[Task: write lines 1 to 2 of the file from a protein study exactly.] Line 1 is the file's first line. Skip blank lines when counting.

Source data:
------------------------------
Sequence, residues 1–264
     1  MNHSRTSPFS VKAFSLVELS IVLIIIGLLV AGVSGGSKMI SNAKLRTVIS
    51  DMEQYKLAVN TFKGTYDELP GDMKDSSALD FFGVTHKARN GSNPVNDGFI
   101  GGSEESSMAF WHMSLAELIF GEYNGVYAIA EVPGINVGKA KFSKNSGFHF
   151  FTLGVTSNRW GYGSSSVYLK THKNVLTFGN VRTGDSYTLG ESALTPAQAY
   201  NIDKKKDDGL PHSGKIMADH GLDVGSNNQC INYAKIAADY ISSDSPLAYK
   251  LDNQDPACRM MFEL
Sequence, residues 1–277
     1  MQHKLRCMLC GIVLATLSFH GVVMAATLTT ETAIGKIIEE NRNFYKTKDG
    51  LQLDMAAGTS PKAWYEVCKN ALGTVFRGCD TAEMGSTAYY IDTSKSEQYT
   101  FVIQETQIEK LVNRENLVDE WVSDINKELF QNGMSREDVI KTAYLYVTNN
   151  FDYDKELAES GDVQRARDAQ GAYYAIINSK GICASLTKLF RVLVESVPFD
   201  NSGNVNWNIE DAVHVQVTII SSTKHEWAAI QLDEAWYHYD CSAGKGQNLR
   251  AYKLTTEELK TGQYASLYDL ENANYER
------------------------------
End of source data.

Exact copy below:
Sequence, residues 1–264
     1  MNHSRTSPFS VKAFSLVELS IVLIIIGLLV AGVSGGSKMI SNAKLRTVIS